For genuinely poor musicians, you probably need to look at street musicians. As the The Cambridge History of Seventeenth-Century Music notes,
The relative wealth of musicians is hard to determine, partly because
hard currency was not the most important economic measure in the
period. Moreover the fortunes of individuals could fluctuate markedly...Some musicians died paupers. Others, however, left substantial
This source goes on to give an idea of income compared to other occupations:
For London, Ian Spink has estimated that a rank-and-file court
musician might expect to be paid the same as a better-off member of
the clergy, a military officer, or someone in the liberal arts. Lesser
musicians such as town waits were closer to shopkeepers or minor
tradesmen in their income, while a street musician might be
indistinguishable from a beggar.
Starting at the bottom end of the financial spectrum, the etching below by Jacques Bellange from Lorraine (c. 1575–1616) shows a beggar musician.
Source: Jacques Bellange - Hurdy-Gurdy Player - WGA01598.jpg
This etching by Jacques Callot (c. 1592 – 1635, also from Lorraine) is of a better dressed beggar musician (1622 or 1623):
Source: BnF Gallica
Street musicians were looked down upon and were sometimes prosecuted for vagrancy. London attracted large numbers of such vagrants, making the streets noisy places as musicians, ballad singers, street hawkers and others plied their trades, sometimes dishonestly (working with pickpockets) and sometimes prone to violence (many were armed). Scenes such as the one below (also by Jacques Bellange) wouldn't have helped their reputation.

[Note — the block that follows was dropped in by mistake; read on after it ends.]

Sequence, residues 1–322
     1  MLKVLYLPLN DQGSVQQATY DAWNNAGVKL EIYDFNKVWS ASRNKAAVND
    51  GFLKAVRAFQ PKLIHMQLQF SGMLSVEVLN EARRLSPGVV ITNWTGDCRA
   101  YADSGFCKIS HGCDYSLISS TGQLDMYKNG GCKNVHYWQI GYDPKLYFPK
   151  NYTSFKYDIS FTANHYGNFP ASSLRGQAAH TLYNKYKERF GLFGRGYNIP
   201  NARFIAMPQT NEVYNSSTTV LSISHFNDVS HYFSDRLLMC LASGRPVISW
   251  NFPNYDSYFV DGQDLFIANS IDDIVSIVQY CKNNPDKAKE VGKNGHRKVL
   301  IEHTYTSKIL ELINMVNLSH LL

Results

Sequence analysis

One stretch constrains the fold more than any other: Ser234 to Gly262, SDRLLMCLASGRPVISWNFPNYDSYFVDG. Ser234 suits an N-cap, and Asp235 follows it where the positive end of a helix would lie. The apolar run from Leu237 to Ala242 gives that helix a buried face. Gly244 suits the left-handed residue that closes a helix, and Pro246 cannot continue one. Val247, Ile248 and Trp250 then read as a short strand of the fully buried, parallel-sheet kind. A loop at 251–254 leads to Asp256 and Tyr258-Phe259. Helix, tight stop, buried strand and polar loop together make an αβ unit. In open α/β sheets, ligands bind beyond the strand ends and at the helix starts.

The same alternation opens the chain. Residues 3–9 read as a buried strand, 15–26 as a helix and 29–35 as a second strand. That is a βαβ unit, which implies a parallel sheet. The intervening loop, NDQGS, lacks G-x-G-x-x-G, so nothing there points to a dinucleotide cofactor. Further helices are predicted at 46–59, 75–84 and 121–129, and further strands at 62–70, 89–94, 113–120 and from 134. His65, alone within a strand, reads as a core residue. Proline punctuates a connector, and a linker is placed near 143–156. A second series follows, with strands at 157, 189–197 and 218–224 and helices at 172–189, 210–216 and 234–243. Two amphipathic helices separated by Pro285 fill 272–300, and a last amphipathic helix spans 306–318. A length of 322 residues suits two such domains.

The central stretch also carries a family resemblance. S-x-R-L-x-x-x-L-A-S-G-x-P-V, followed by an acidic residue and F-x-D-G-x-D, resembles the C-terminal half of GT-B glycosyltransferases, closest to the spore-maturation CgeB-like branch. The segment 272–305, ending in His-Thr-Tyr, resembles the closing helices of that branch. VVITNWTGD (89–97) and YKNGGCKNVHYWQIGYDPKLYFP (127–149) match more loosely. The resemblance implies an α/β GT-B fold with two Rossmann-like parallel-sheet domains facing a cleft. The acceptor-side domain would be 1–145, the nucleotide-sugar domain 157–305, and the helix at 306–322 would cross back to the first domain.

"A hurdy-gurdy player clutches at the throat of his angry ragged opponent. an agitated dog, claws exposed and unleashed in the foreground." Source: Fine Arts Museum of San Franciso.
The Bagpiper, by Albrecht Dürer (1514). Source: The Met
The Musicians, by Lucas van Leyden (1524). Source: The Paupers and Peasants of the Renaissance
The colours of poor people's clothes tended to be more muted than they are today, with yellow, brown and blue being more common than most. These were by no means the only colours used, though. The article Colors for Lower-Class Elizabethan Clothing has more on this.
The Flemish painter Pieter Brueghel the Younger's (1564 - 1638) picture below shows a better dressed musician playing for the Egg Dance in a peasant village. The Egg Dance was
a traditional Easter game involving the laying down of eggs on the
ground and dancing among them whilst trying to break as few as
possible...the pastime is associated with peasant villages of the 16th
and 17th century...
Circa. 1620. Source: Public Domain Review
Another picture, this by Dutch painter Jan Steen (circa. 1626 - 1679), also features the Egg Dance and shows two musicians (bottom right).
1670s. Source: Jan Steen - The Egg Dance, Peasants Merrymaking in an Inn WMR APH N070483.jpg
Musicians in Taverns, as in the picture above, were often employed by the Tavern owner and may thus have had a steady income, though probably not a very substantial one. Likewise, waits (bands of musicians in towns and cities) were salaried and often had clothing provided (so they may not qualify for your question). Among other responsibilities, they played at town feasts and fairs. More information and some pictures can be found on the Waits Website. It is also worth noting that, in Elizabethan England at least, fiddlers could earn well by playing at village feasts and fairs, but their fortunes could fluctuate and it was not uncommon for musicians to die as paupers.
Traditional Music and Dances in the Time of Vermeer
Peter Brimacombe, Tudor England
Music in the Elizabethan era
Penry Williams, The Later Tudors 1547 - 1603